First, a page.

Listen, you Sunday show TV anchors: Don’t you DARE challenge Stephen Miller.
Don’t even think about it! Miller works for President Donald J. Trump as a senior policy adviser. Miller is all of 31 years old.
One of the very important duties of this very important young man is to put Muslims and Mexicans in their place—outside America’s sacred, white, Judeo-Christian borders.
And if you anchors want to argue with Miller, he will put you, too, in your place, just as he does with federal judges.
Judges! Hah! How dare they challenge Trump and Miller on constitutional questions stemming from Trump’s cruel and reckless crackdown on immigrants?
George Stephanopoulos learned his lesson when he interviewed Miller on ABC’s This Week.
“The point I want to make to you, George…is that we have equal branches of government in this country,” Miller said. “The judiciary is not supreme.”
That seemed to call into question the very words “Supreme Court” but, no matter. Miller was on a roll.
“A district judge in Seattle cannot force the President of the United States to change our laws and our constitution because of their personal views,” Miller said. “This is an ideological disagreement between those who believe we should have borders and controls and those who believe there should be no borders and no controls.”
Of course, that was fatuous exaggeration about a thinly disguised Muslim ban that also was struck down by a federal appeals court panel in California.
Those three judges also displeased Miller, who appeared on four of five network shows Sunday with his cobra-like mien and his sharp, mean tongue.
He also spoke down to John Dickerson on CBS’s Face the Nation, to Chris Wallace on Fox News Sunday and to Chuck Todd on Meet the Press on NBC.
However, Miller and the White House pointedly shunned Jake Tapper on CNN’s State of the Union. Is that because Tapper generally asks the toughest questions and is therefore feared by Trumpists? Nah. Trump’s regime is filled with tough, powerful people.
“Our president’s powers here are beyond question,” Miller told Wallace in reference to Trump’s right to inflict a sloppy executive order two weeks ago that intentionally turned immigration centers into scenes of chaos and fear.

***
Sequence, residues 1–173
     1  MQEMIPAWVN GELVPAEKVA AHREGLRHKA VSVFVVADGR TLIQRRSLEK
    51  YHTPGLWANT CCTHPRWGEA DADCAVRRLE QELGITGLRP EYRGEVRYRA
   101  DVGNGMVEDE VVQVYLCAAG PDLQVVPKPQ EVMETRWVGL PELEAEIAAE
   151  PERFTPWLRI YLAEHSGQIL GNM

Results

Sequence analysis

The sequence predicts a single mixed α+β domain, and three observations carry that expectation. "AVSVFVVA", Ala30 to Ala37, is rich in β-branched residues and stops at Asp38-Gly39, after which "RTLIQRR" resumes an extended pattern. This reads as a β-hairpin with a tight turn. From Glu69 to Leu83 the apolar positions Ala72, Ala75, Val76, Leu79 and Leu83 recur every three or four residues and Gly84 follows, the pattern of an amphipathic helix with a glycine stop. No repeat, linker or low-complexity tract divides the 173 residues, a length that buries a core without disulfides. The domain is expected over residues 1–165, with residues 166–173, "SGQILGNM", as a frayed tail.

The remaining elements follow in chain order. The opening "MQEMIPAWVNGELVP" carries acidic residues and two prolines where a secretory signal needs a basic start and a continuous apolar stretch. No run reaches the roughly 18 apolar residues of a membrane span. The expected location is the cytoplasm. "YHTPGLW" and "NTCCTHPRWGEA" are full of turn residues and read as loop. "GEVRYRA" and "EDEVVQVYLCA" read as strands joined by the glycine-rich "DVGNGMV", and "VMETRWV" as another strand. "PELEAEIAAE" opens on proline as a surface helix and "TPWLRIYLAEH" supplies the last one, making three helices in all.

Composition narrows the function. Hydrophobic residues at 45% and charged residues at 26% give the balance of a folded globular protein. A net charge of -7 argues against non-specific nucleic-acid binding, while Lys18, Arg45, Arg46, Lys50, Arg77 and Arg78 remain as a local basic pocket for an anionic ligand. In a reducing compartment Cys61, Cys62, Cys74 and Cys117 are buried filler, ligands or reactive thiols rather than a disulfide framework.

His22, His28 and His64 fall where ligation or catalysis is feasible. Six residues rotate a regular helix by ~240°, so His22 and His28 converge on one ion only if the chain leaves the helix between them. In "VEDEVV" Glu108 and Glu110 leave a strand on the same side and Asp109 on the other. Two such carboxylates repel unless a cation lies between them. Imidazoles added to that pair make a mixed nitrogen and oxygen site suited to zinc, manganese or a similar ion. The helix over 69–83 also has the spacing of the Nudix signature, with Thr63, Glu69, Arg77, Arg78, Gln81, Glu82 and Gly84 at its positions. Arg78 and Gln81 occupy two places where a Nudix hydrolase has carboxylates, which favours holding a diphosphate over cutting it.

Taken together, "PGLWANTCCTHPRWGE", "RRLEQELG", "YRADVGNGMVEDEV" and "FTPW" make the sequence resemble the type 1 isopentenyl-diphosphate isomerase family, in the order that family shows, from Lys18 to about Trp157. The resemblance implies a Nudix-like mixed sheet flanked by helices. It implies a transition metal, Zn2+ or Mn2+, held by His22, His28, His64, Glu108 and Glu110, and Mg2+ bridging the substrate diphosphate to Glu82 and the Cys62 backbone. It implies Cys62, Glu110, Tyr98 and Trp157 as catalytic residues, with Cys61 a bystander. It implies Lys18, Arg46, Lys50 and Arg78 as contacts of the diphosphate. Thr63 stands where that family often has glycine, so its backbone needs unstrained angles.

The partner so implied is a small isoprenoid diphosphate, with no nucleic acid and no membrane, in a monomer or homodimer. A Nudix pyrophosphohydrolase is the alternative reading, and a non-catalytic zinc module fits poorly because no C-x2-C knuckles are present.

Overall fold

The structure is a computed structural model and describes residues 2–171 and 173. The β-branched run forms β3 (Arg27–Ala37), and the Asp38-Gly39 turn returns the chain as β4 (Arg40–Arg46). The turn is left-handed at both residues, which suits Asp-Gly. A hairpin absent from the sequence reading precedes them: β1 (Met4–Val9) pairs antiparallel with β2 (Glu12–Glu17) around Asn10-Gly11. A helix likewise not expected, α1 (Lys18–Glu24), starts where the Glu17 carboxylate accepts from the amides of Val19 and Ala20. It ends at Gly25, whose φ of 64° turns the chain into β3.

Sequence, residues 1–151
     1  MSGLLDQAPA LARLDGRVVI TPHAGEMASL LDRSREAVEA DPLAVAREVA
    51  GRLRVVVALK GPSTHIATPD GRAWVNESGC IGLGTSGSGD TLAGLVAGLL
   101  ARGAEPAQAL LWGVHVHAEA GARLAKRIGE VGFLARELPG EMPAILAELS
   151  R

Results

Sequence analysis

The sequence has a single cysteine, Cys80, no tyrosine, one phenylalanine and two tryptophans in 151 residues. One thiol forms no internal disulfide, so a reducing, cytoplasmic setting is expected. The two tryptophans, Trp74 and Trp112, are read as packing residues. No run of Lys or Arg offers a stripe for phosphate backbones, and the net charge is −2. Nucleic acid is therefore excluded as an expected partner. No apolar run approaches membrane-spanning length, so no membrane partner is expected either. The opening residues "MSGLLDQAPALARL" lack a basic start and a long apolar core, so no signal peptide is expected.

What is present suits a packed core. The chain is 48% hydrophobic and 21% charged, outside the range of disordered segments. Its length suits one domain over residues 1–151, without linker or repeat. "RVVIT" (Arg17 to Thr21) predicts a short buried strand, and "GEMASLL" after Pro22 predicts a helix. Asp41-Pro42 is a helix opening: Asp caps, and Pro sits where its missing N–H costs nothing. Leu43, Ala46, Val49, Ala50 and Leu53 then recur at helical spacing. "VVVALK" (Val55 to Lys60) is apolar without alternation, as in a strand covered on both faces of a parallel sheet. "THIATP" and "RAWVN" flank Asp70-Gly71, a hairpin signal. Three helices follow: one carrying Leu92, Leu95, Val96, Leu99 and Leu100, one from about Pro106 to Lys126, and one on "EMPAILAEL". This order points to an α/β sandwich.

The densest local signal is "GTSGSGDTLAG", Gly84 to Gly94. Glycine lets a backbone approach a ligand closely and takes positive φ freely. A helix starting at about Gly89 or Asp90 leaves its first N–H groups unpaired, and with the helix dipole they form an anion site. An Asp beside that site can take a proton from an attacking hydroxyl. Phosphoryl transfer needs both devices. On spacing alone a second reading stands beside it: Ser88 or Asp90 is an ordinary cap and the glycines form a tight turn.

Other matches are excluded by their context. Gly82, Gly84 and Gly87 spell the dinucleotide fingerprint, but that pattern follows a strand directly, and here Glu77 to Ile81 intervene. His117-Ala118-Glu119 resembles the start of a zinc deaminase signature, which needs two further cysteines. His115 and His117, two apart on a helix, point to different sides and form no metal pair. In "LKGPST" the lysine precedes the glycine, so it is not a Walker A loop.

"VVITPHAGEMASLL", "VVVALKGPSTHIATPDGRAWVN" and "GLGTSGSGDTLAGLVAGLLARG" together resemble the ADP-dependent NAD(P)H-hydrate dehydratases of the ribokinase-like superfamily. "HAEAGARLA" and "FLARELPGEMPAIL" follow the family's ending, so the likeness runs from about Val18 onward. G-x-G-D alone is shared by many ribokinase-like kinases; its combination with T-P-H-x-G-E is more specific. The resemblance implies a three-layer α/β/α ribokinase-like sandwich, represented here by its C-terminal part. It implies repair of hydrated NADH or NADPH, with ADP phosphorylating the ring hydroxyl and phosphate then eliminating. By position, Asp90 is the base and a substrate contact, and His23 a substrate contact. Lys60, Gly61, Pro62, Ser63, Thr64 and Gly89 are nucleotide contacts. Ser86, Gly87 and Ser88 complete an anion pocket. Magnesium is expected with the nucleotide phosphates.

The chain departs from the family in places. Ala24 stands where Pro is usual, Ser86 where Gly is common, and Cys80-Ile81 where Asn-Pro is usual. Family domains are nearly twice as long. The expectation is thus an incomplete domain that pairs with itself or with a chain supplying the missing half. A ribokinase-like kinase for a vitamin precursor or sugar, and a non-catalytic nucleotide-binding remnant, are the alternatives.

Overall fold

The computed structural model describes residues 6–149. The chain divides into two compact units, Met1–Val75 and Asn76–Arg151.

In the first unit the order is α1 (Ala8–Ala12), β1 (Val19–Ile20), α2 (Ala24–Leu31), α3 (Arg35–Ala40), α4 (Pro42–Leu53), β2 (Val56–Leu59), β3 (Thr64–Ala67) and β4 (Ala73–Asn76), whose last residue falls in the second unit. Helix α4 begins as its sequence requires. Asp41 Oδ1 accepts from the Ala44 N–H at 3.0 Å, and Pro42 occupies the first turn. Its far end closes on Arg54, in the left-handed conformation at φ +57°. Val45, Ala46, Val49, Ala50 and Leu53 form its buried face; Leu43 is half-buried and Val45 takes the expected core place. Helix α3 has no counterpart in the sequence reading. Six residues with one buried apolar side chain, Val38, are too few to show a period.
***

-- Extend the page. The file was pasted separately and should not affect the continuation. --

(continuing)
On NBC, Todd asked Miller about Latinos and others being deported under Trump’s crackdown only because they are undocumented, and not because they’ve committed a serious crime.
Some deportations are breaking up families. Tough luck, Miller said.
‘He lies a lot,’ Franken said. ‘That is not the norm for a President of the United States or, actually, for a human being.’
“If people don’t like the immigration laws of the United States,” Miller said, “they can reform them.”
When Dickerson on CBS asked Miller “What have you learned?” from this fiasco, Miller didn’t seem to get the hint.
“We have a judiciary that has taken far too much power,” Miller said. “I mean, it’s just crazy, John.”
“Crazy” might be the most honest word Miller spoke. One of the serious topics on a couple shows was Trump’s very sanity. When Miller wasn’t talking over the anchors in his loud voice, they managed to make a few points here and there.
One was about claims by Trump and Miller about illegal voters only they can seem to see.
“Just for the record,” Stephanopoulos told Miller, “you have provided no evidence.”
Hand me the remote . . .
Another serious topic Stephanopoulos raised with Miller concerned Mike Flynn, Trump’s National Security Advisor, who first said he didn’t speak with the Russian ambassador in December about U.S. sanctions against Russia, but then changed his story to “I don’t recall” after The Washington Post revealed that he did indeed speak about sanctions against the Russians that were announced that day by President Obama.
Our spies leaked the story to the Post, the paper wrote. Others have confirmed it. You have to wonder if they recorded the voices, hmmmm?
In that Vice-President Mike Pence last month supported Flynn’s false statement, Stephanopoulos wanted to know about consequences. The loquacious Miller suddenly seemed tongue-tied.
“Then why are you coming on,” Stephanopoulos said, “if you can’t answer questions being posed about the White House?”
He persisted about Flynn.
STEPHANOPOLOULOS: “How do you think he can continue to serve as the National Security Advisor after misleading the vice-president?”
MILLER: “I don’t accept that what your question is saying is accurate. I don’t have any information one way or another to add anything to this conversation.”
Shortly after Miller left, Congressman Elijah Cummings arrived.
“Did the president instruct General Flynn to talk to the ambassador?” Cummings asked. “And did he know about it? . . . And when did he know it? . . . I would be very interested to know how the vice-president feels after he was, basically, thrown under the bus.”
STATE OF THE UNION
Trump’s feud with CNN results in fewer White House spinners polluting the airwaves and more time for more truth-tellers.
One was Al Franken, the Democratic senator from Minnesota, who had sort of half-joked on Real Time with Bill Maher on HBO on Friday that some Senate Republicans have told Franken that Trump is “not right mentally. And then some are harsher.”
Asked by Tapper to clarify, Franken said only “a few” Republicans have expressed such misgivings to him about Trump’s mental health. Then he continued discussing The Great Leader.
“He lies a lot,” Franken said. “That is not the norm for a President of the United States or, actually, for a human being.”
Franken continued in a serious vein about Trump’s ties to Russian President Vladimir Putin, whose hackers meddled in the November election to favor Trump over Hillary Clinton.
“We don’t know what he owes Russia,” Franken said. “We don’t know how many Russian oligarchs have invested in his businesses. He has sidled up to Putin in so many ways . . . He’s got a bit of a Putin crush. I want to know how much of that is tied to maybe financial strings.”